And there are others. In a recent review on Zero Punctuation, Yahztee Croshaw refers to a timer in the Amy survival horror game as ‘a mechanic’. How about the idea (from Mattie Brice) that a mechanic is ‘to provide players with experiences such as fun or anxiety’, and therefore a driver of emotional outcomes. Or how about mechanics as ‘the various actions, behaviours and control mechanisms afforded to the player within a game context’ (according to Hunicke, LeBlanc and Zubek)?
The point is not to construe these different meanings as either right or wrong, but simply to show that they don’t match up. While there exists a rough understanding that ‘mechanics’ equates to ‘machine parts’, how individual writers scope them quickly leads to fuzziness, debating at cross-purposes and terminology wars.
Holistic Narrative or Content Narrative?
While mechanics may be fuzzy, narrativists pretty much understand one another when they use the term ‘narrative’. They mean the game as an involving experience that immerses, inspires, enchants and artistically resonates with the player. They don’t necessarily mean plot or the normal conventions of drama, but rather use a holistic understanding of the idea of narrative itself.
Actions can have meaning, players can be actors in their own narrative, and so on. And that being the framework as narrativists understand it, they can extrapolate on what games should be. It is this grander interpretation of the narrative idea that permits the inclusion of many other aspects of games as a part of the narrative experience. It also allows for some sense of what games would be like if they weren’t just about fun, like the difference between Orson Welles and Benny Hill.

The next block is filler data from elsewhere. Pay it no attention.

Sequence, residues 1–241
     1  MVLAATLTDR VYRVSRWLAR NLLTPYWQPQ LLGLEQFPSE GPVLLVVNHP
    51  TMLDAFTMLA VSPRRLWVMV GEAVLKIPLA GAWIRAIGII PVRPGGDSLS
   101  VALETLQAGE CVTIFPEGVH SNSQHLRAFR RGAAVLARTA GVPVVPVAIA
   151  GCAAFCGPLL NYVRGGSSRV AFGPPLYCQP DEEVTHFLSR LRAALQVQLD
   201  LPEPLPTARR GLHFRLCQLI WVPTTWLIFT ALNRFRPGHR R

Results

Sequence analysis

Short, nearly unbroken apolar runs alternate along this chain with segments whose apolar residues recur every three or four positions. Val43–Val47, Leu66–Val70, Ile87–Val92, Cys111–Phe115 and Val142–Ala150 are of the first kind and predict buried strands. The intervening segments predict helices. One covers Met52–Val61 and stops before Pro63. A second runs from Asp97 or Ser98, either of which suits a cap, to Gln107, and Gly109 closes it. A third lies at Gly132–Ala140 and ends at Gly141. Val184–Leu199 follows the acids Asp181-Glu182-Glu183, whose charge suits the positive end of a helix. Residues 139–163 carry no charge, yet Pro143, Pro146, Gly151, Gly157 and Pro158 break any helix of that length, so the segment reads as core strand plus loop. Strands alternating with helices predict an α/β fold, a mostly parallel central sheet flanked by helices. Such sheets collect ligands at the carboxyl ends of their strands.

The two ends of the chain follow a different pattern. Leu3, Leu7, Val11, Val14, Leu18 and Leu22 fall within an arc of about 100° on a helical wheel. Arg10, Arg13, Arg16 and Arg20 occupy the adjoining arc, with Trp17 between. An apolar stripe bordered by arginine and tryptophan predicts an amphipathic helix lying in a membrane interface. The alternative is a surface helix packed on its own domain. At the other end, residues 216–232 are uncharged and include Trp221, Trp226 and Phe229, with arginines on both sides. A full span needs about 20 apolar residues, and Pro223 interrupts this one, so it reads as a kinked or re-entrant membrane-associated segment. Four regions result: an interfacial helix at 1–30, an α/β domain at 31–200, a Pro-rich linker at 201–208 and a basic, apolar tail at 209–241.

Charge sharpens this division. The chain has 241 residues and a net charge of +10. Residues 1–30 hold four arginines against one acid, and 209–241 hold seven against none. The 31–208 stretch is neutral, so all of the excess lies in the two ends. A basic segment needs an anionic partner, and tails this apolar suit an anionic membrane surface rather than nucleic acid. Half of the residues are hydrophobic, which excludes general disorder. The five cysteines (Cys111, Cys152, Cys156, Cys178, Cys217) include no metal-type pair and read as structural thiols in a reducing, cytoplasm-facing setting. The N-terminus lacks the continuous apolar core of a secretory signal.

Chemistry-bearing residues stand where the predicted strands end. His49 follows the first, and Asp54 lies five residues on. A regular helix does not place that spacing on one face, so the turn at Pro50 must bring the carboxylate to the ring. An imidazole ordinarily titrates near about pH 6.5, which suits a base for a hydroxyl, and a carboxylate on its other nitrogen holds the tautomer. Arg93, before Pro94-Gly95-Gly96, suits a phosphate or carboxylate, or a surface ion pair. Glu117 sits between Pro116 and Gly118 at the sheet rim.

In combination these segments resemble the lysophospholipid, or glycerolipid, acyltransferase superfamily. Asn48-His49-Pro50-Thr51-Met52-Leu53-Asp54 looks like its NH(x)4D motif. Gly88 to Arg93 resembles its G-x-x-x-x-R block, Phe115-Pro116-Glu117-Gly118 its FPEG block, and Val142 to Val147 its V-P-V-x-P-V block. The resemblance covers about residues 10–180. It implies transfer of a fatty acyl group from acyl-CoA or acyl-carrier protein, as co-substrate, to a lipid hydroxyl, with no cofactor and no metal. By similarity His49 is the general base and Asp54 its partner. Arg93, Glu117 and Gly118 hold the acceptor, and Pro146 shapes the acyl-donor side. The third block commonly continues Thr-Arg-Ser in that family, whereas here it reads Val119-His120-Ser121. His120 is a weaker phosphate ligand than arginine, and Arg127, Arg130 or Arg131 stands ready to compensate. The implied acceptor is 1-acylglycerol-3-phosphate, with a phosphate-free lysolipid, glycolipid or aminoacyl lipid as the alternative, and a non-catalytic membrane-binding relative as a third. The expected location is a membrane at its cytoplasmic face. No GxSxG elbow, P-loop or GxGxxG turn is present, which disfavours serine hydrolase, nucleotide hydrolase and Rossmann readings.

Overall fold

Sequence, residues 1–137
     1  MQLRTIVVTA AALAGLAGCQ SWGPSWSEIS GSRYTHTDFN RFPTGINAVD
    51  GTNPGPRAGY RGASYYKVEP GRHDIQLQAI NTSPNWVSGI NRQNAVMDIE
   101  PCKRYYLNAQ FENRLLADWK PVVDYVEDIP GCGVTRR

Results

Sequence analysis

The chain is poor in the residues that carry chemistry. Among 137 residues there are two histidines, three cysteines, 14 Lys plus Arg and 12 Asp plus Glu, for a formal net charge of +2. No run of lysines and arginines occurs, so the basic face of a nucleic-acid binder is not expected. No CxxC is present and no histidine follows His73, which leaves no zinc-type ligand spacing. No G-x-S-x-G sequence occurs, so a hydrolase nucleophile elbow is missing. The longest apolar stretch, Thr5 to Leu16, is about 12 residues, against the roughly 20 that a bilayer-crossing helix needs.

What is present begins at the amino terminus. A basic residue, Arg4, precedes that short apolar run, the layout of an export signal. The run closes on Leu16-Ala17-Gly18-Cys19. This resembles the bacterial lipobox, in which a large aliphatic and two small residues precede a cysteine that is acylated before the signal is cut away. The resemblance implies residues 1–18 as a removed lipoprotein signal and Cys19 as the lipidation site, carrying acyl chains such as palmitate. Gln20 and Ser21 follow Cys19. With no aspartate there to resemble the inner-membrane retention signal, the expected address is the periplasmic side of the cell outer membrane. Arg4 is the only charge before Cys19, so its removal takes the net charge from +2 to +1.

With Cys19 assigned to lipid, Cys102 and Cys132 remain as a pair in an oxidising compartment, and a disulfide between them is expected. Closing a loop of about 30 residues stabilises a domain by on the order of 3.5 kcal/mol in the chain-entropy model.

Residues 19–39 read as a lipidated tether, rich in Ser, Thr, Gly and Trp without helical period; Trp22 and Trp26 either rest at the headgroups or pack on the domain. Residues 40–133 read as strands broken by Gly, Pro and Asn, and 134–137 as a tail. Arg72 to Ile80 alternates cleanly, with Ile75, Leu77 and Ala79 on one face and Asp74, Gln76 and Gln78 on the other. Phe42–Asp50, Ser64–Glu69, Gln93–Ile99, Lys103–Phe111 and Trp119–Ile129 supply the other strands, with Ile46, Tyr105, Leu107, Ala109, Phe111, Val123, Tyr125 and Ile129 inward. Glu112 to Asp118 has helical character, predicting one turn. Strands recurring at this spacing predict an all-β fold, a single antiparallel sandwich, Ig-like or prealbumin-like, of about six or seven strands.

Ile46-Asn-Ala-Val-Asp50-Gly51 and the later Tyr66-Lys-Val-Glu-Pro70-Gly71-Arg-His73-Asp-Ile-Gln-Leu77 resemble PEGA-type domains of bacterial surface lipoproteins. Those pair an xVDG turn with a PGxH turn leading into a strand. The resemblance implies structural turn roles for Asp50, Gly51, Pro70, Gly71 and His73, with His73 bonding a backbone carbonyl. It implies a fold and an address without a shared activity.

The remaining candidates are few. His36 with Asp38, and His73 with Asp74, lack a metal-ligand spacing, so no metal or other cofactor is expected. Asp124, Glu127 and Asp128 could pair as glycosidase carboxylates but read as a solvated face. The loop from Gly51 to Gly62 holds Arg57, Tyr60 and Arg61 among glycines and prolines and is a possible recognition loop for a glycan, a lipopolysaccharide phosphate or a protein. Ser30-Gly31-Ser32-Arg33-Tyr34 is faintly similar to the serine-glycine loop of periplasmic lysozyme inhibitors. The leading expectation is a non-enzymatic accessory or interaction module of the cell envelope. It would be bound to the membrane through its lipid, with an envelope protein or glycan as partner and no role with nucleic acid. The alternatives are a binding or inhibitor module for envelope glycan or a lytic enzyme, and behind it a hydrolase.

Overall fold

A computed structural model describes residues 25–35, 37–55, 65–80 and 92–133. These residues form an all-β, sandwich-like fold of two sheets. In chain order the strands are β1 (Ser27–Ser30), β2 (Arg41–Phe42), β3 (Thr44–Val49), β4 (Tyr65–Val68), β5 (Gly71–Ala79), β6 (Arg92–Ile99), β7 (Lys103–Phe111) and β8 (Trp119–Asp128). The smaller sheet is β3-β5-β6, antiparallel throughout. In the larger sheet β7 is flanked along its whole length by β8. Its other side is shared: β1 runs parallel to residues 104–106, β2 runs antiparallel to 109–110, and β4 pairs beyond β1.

As I’ve written before (a couple of times), the problem with this holistic view is that it has no verifiable existence in reality. It is pure conjecture, derived of an idea of what players should be rather than what they are. This is not to say that players are mere fun-consumers who trash everything they see, but rather that the archetype of the player wandering through game instantiating a tale for themselves and experiencing narrative as they go is not a real person.
Players do have the ability to feel the numinous presence of art through playing a game, but they do so on their own terms. Like an audience member regarding an Eames installation, or a driver behind the wheel, the experience of the player is not reliable, and therefore the art of games is more of the model of a playable gallery rather than an interactive drama.